Olly Johnson & Iain Smith (Codemasters/Guys on Film)

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Two for the price of one this week folks! Adrian got chatting to Olly Johnson and Iain Smith who’ve been working on killer Codemasters and Rockstar titles since the early 2000s (Iain now works for Natural Motion). They also host a rather splendid podcast called Guys on Film which I strongly suggest you check out if you’re into movies and such. It’s a pleasure to have them here on our humble blog, here is what they think about games and such. Take it away gents…

 

How did both get the opportunity to enter the video game industry and do you remember the first games you worked on?

Olly: I had been doing music production courses and to be honest I started getting more into sound design than music, the culprit was Silent Hill 2, I couldn’t believe how the audio just made the game feel like an absolute living nightmare.

So, I heard about a junior position that had come available at Codies and went for it, even though I had a distinct lack of games experience, they took a chance on me and it really paid off. Sixteen years later I still love the place and I still make a massive difference to whatever I work on.

My very first day on the job I was out in Northamptonshire helping record Colin McRae’s Ford Focus, it was an incredible day 1 as you could imagine.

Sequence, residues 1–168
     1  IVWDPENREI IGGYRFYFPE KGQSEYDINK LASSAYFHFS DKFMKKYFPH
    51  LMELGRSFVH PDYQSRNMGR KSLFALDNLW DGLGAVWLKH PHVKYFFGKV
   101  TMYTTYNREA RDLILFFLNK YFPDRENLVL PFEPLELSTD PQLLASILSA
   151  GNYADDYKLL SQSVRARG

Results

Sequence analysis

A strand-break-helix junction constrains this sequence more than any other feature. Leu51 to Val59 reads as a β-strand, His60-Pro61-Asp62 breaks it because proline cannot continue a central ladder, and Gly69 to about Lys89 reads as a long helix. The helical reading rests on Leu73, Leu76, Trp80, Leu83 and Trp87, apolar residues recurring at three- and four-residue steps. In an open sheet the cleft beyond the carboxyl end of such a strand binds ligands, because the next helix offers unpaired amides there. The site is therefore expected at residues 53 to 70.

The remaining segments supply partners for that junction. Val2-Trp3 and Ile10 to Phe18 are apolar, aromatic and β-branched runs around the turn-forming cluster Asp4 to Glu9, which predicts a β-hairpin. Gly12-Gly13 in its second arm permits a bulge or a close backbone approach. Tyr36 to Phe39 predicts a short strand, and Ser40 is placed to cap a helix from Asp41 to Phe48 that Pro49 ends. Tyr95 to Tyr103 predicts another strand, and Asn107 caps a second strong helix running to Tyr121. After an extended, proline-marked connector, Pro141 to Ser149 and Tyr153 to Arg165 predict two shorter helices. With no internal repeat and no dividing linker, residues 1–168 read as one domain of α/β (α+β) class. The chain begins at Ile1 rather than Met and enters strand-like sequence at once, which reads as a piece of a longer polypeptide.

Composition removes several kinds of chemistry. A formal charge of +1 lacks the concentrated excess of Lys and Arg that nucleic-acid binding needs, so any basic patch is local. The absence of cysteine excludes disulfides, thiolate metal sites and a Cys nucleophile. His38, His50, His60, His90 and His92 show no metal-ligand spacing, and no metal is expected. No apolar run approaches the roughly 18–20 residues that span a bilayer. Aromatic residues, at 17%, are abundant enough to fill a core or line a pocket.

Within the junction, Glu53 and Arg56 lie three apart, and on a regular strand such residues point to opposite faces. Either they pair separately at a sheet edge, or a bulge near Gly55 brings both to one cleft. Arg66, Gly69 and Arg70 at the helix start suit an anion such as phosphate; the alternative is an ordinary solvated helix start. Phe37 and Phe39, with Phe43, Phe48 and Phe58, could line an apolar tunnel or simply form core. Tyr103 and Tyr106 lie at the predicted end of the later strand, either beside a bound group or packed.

Iain: I had been at a Motorhead gig when I was about 17, and was killing time at my sister’s office before getting the bus back from Glasgow to the highlands, and my sister’s work friend asked me what I was planning to do in uni, and I was still a bit stuck. After asking if I was into games she helped set up a chat with somebody. They just happened to be the studio director at Rockstar North. So it was a bit crazy to be a daft teenager in this amazing office in one of the biggest games companies in the world, asking what in retrospect were totally untactful questions about salary. After that I worked there twice, on Grand Theft Auto: Vice City Stories and GTA: IV, and then I studied games at university in Abertay. Through all that I was working in the industry in lots of places, and afterwards I got my role with Olly at Codemasters.